Analysis of Malicious Insider Threats to Data Integrity

Peter Padiet

Research output: ThesisDoctoral Thesis

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The escalating concern regarding insider threats has emerged as a significant cybersecurity challenge for various sectors, including organizations, financial institutions, and governmental bodies. These threats, originating from both current and former employees, possess a distinctive advantage due to their authorized access to critical organizational assets. This privileged access allows them to compromise data integrity, availability, and confidentiality to a degree surpassing external attackers.
The detection of insider threats has become a critical component of modern cybersecurity, necessitating the deployment of multi authentication strategy. These strategies primarily involve the identification of concealed anomalous activities within an organization's complex systems. This research focuses on creating a comprehensive framework to insider threat based on individual profile. The research contributions are discussed in detail in chapter 3, chapter 4, chapter 5, and chapter 6 respectively.
Qualitative and a mix method have been utilised in this research and to collect and analyse data to achieved the research goal, this research utilized the CMU Computer Emergency Response Teams (CERT) synthetic malicious insider threat dataset r4.2, a publicly available resource, to evaluate the efficiency of the proposed methodology. The empirical results from this study showcase the exceptional performance of this technique, Logistic Model Tree (LMT). LMT achieved remarkable levels of accurateness (99.6%), precision (99.6%), and ROC (Receiver Operating Characteristic) (99.6%), highlighting its profound effectiveness in countering insider threats. Simultaneously, this research acknowledges the persistent growth of insider threats, posing a significant challenge to the information security community, such as difficulties in threat detection, difficulties in understanding varied attacker motivations, complex attack vectors and socially engineered attacks. These malicious insiders constitute one of the most pernicious threats to sensitive data repositories, impacting both enterprise systems and government agencies. Effectively addressing insider threats involves grappling with unique challenges, including handling extensive and imbalanced datasets and the limited availability of authentic ground truth information.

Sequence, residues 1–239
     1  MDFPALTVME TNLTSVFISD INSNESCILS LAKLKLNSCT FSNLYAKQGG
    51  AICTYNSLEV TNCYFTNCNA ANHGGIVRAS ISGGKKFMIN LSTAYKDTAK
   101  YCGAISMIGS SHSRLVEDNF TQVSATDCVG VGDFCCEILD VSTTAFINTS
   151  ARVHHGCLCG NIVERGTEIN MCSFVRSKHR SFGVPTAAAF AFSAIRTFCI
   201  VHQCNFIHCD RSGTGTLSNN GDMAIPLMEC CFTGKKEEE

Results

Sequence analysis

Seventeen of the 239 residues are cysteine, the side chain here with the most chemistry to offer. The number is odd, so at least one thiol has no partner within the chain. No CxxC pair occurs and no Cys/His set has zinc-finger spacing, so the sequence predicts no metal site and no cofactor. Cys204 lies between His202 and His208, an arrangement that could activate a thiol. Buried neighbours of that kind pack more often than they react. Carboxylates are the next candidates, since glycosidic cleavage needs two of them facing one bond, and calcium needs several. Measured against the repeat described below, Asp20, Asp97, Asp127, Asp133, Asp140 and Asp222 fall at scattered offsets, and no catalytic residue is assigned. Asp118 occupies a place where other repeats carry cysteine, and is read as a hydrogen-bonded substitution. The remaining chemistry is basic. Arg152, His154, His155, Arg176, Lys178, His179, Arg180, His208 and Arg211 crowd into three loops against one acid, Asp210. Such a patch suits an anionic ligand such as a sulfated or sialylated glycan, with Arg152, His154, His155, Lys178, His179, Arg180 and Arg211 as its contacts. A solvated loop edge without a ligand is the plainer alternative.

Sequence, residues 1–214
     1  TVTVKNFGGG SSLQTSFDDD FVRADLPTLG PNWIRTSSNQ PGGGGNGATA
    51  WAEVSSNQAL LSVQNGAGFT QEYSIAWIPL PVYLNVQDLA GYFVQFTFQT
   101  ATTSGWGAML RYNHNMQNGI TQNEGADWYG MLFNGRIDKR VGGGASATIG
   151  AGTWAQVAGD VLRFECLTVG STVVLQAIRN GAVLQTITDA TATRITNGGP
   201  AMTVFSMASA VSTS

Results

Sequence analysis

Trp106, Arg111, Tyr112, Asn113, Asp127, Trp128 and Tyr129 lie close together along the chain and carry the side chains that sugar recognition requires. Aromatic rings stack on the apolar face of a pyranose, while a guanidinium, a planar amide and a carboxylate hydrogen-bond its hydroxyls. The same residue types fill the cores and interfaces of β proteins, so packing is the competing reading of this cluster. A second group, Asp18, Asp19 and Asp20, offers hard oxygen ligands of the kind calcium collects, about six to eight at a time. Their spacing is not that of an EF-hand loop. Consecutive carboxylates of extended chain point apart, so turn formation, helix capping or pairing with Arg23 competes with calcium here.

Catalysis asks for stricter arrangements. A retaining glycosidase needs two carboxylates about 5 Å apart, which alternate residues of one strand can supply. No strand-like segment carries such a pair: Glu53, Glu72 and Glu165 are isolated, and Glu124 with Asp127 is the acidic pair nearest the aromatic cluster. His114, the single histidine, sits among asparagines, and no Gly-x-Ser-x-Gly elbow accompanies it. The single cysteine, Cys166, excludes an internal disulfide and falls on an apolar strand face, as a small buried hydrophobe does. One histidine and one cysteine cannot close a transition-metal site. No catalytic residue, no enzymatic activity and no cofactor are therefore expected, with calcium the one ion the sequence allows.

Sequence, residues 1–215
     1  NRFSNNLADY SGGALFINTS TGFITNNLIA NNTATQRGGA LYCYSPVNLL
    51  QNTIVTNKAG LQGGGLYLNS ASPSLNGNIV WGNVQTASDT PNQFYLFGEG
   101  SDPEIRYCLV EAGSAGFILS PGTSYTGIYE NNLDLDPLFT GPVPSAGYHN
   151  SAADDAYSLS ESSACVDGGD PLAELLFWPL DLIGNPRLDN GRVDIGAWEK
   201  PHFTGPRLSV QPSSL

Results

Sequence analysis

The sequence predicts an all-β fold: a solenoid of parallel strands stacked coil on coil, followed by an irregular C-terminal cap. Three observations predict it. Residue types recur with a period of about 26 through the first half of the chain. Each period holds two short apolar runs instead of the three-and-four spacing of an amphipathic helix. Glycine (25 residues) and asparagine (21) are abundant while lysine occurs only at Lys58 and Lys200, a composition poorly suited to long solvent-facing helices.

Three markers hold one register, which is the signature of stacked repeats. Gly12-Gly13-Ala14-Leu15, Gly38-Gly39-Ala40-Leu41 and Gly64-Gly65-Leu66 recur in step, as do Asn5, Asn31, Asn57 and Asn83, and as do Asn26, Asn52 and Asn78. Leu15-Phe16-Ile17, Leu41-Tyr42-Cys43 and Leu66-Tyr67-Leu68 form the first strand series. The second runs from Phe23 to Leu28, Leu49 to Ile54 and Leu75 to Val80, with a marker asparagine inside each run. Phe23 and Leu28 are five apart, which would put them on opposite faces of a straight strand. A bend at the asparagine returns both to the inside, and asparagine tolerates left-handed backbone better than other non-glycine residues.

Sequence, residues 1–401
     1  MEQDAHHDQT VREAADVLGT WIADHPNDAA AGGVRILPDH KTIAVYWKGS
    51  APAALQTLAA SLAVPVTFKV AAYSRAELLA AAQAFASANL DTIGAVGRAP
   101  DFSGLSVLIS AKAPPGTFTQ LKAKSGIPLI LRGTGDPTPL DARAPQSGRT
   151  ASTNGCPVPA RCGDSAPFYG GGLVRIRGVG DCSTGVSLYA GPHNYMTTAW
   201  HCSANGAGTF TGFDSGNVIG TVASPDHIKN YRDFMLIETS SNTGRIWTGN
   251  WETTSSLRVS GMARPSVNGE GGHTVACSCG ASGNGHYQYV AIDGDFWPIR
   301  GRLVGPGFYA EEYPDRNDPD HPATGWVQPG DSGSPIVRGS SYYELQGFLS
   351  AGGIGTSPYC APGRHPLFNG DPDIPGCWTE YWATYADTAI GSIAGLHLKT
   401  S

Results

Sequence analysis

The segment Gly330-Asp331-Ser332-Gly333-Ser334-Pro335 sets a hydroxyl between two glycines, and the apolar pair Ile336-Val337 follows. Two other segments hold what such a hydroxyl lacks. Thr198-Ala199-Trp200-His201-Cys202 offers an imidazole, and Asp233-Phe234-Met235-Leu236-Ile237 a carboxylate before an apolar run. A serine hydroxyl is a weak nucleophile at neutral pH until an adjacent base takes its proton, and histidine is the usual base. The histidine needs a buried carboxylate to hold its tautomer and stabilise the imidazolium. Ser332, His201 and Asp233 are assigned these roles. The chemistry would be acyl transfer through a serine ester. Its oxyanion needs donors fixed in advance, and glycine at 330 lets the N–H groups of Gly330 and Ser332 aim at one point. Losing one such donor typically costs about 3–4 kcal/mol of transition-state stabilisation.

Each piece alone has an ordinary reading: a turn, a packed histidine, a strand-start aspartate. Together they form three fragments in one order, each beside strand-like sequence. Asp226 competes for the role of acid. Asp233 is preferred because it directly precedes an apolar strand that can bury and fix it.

Furthermore, operating from positions of trust, whether as current or former employees, these malevolent actors disrupt regular organizational operations and engage in the unauthorized disclosure of classified or confidential information for personal or group gain. The consequences of their actions include severe financial losses, irreparable reputational damage, and operational disruptions. To address this pressing concern, this research introduces an innovative user-centric approach to insider threat detection. This innovative approach leverages the analysis of download activity logs to uncover patterns closely associated with insider threats. A meticulous examination of user behavior related to downloading activities provides valuable insights that enrich existing detection methodologies and offer practical solutions for identifying and mitigating potential insider threats within organizational environments. Among the various classifiers evaluated, Random Tree emerges as the most suitable choice, boasting an accuracy rate of 0.981%. This outstanding performance underscores its suitability as the optimal candidate for an insider threat detection system, enhancing the system's overall accuracy and its ability to classify instances correctly.
Original languageEnglish
QualificationDoctor of Information Technology
Awarding Institution
  • Charles Sturt University
  • Islam, Rafiqul, Principal Supervisor
  • Khan, Muhammad Arif, Principal Supervisor
Place of PublicationAustralia
Publication statusPublished - 11 Jun 2024


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